I believe one can use different styles (and techniques) depending on what ‘feel’ you want to create for the story you are looking to tell. I used very different styles for the different conceptual series I shot and exhibited over the years. The ‘Drug Series’ looks and feels almost medical, the ‘Kiss Series’ is very glossy and ‘Guantanamo Bay’ is a calm b/w study. Since the question ask for my personal style I would say narrative, low tech and genuinely interested in the subject of the portrait.
What is most challenging about portrait photography?
I am honestly not sure how to answer this question. Let me carefully try and say this. Like with all other artistic disciplines, there is the vast competition, the economic challenges of making a living and the task of figuring out what it is you want to say. But I also think that it is ultimately a huge, huge privilege to spend your time figuring out what you have to say and how you are going to say it.
How important is the printed presentation of your works of art?
It is crucial. The printed presentation can make the work fly or sink the ship. It gives depth and live to the image.
Who does the prints?
My dear friends and trusted high-end print specialist Annette Berr and Ul Vohrer at d’mage in Berlin, Germany.
Which is your favorite Hahnemühle paper and why?
I love Hahnemühle Photo Rag Ultra Smooth and use it pretty much exclusively.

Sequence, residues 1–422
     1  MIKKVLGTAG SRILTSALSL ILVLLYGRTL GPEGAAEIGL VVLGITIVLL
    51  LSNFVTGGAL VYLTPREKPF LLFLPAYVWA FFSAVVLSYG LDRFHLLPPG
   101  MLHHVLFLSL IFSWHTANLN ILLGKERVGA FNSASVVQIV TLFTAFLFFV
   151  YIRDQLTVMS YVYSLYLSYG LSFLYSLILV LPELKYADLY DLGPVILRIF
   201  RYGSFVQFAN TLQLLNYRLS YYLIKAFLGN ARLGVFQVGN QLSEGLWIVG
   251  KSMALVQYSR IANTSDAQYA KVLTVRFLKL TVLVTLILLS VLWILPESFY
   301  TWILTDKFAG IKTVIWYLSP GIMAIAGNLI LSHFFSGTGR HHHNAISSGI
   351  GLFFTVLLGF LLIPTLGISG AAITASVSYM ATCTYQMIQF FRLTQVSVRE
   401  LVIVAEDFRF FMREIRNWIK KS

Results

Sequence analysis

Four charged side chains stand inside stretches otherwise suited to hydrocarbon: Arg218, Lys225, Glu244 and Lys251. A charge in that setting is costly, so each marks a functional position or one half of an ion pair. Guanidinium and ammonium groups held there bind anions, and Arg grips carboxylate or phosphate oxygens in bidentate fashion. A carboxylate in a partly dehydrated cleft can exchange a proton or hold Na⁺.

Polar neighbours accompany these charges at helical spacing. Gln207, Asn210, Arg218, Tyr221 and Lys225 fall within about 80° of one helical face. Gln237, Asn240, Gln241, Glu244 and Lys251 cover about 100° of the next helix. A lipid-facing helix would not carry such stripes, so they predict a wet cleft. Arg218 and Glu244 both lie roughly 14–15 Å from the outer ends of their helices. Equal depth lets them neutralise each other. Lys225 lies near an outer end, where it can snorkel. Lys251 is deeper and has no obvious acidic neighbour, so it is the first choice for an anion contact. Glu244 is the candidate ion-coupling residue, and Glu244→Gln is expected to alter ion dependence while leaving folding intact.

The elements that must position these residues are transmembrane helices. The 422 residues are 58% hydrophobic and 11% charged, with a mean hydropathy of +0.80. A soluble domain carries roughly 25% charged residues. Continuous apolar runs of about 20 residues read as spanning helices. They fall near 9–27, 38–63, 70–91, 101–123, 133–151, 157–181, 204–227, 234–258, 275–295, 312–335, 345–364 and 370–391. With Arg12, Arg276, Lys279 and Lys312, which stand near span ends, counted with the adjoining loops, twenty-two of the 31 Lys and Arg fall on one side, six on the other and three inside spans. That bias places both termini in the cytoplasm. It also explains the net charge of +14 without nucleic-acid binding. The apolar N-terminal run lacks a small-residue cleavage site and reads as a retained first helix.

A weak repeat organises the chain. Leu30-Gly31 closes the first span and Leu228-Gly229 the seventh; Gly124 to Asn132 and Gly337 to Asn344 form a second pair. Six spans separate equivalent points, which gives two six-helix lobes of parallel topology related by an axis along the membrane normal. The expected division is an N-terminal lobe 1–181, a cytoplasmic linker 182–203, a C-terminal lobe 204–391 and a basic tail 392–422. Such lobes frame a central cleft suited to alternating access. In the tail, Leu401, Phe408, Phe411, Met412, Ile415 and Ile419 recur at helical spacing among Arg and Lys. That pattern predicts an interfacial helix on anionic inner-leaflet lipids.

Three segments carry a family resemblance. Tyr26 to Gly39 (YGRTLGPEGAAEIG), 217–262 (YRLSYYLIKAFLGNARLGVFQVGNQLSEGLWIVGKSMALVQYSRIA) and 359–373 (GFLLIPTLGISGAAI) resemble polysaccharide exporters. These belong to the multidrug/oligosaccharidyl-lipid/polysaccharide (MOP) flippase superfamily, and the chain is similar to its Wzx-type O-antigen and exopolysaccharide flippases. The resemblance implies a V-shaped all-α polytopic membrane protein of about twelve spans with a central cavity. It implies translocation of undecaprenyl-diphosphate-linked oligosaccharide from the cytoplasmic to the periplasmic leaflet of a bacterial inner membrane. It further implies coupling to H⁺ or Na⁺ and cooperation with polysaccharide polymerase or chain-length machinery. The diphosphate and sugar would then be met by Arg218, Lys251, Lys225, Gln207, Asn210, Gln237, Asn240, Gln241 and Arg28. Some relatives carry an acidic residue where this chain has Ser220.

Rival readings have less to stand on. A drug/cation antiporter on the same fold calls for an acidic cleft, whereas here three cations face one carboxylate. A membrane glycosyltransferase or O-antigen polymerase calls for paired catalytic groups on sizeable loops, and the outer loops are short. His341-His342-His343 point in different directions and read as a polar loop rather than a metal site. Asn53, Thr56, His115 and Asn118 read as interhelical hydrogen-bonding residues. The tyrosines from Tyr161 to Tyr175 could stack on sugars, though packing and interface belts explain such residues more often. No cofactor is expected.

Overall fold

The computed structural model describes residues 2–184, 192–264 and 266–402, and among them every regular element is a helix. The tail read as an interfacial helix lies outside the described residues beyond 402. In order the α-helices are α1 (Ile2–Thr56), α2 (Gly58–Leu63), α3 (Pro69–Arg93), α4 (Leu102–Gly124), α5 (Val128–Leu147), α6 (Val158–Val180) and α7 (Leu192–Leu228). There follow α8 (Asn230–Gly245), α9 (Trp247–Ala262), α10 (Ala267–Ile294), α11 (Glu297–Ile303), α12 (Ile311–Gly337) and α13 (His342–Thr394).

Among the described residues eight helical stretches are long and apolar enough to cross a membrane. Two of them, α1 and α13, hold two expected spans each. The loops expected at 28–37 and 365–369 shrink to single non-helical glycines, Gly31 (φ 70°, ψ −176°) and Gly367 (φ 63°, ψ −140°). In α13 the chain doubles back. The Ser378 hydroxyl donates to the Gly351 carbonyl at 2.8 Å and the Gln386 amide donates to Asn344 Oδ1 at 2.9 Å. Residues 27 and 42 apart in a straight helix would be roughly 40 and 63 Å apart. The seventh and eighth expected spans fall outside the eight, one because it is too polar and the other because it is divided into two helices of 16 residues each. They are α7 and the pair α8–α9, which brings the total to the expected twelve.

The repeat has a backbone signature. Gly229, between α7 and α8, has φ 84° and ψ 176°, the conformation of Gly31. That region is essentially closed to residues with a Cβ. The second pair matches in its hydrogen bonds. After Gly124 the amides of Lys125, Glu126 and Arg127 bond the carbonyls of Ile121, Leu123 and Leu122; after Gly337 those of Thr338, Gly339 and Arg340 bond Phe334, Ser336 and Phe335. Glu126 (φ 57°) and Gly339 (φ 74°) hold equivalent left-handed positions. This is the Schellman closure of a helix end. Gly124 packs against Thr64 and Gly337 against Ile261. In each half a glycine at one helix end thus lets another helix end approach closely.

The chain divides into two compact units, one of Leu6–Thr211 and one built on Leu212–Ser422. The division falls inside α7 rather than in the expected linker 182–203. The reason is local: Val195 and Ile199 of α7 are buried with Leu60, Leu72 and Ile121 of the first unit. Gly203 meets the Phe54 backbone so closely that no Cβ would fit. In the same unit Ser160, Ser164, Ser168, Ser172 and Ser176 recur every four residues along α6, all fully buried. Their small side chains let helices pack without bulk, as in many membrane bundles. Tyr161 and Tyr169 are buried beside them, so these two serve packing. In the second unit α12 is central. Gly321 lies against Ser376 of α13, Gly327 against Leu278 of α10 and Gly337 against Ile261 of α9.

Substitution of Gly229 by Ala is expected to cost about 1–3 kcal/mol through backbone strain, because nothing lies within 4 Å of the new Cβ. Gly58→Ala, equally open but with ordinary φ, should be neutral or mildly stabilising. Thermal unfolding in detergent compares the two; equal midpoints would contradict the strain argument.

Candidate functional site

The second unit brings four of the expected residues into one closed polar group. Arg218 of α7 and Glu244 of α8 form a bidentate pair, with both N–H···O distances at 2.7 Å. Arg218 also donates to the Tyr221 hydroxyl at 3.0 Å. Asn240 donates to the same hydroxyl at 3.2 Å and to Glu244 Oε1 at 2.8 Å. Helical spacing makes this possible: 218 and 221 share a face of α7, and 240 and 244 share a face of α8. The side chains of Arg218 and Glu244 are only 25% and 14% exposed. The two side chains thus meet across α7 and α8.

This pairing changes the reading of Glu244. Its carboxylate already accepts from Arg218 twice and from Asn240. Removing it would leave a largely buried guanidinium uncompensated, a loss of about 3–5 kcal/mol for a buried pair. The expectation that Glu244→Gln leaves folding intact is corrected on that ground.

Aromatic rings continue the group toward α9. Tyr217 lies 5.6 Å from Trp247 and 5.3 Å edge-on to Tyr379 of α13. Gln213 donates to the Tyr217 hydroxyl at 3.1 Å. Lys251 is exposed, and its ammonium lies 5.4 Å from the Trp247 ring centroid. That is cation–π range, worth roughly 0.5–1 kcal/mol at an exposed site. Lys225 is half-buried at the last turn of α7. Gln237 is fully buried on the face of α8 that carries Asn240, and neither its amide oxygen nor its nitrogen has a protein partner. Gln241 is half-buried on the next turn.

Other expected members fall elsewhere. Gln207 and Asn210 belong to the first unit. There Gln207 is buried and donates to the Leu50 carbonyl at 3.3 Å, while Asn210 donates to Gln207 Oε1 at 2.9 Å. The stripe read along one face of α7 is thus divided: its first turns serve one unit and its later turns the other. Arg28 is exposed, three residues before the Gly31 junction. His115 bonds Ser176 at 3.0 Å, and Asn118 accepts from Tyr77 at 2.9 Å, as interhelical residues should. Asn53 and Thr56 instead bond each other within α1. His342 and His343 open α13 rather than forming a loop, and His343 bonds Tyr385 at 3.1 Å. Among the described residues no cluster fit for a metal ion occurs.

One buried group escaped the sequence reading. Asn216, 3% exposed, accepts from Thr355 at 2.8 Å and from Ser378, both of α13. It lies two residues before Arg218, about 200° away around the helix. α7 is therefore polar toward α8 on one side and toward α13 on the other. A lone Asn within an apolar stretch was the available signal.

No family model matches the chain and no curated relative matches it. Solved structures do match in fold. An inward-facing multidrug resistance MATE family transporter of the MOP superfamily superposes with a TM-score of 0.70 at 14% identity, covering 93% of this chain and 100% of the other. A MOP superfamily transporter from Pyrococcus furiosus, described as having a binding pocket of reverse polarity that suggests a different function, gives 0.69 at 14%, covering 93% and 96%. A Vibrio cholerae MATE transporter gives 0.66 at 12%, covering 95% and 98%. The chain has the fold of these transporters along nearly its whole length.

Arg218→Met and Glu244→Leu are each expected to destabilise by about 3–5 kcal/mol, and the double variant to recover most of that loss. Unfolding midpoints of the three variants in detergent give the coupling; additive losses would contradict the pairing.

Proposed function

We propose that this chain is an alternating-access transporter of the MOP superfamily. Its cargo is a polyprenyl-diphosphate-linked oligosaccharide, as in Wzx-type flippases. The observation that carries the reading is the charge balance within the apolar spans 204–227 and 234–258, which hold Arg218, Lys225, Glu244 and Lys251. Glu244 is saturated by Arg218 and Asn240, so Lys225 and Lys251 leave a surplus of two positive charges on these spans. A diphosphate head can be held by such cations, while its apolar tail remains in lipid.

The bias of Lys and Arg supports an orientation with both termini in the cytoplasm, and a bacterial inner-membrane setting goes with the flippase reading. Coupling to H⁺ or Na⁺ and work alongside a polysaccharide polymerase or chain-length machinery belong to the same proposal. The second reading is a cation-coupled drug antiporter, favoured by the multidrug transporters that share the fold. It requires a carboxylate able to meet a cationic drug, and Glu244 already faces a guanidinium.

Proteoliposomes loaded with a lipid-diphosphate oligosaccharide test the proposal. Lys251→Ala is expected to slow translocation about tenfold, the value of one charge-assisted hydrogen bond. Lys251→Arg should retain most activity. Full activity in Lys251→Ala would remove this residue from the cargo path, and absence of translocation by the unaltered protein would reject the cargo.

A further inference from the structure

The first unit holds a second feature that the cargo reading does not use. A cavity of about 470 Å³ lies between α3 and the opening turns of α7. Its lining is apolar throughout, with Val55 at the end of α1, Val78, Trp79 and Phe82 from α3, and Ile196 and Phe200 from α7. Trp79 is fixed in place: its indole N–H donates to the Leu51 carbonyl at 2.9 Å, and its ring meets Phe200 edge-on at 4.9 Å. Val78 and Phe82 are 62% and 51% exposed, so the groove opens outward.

Do you have a dream project you would like to realize sometime?
I have a dream project AND a nightmare project I would like to realize. My dream project would be to photograph a portrait of every single head of state in the world. Queens, Kings, Lord Chancellor, Prime Minister, the whole bunch. The nightmare project I would like to realize is to travel exclusively in conflict zones (a.k.a war zones) for one full year and send one photograph a day for 365 days to a mass media outlet to be published full page as a visual diary of ‘A Year in War’.
I believe ideas loose their power and trajectory when you talk about them too much. I believe that is the case with all intensions. You better decide on something and you do it. Don’t sit around talk about it until it’s been pulverized. I have always been very discreet about projects, even when already in production and shooting. This just as any explanation and apology of sorts why I don’t want to talk about the next idea and project. The next step I am comfortable talking about is this: For the very first time I want to sit down and work through my own archives of nearly 30 years of shooting portraits and pictures internationally. The odd bit about getting older as an artist is that some of your work suddenly bares witness to human history and becomes proof of the past, without you ever having thought it could become as much. People – famous or not – die, countries big and small disappear and all other cultural signifier change (architecture, fashion, life style) and all of a sudden a single element in a shot tells us so much about who we were and might invite reflection on who we are now.
Thank you for the interview, Mr. Sahihi.
More on the photographer: https://en.wikipedia.org/wiki/Ashkan_Sahihi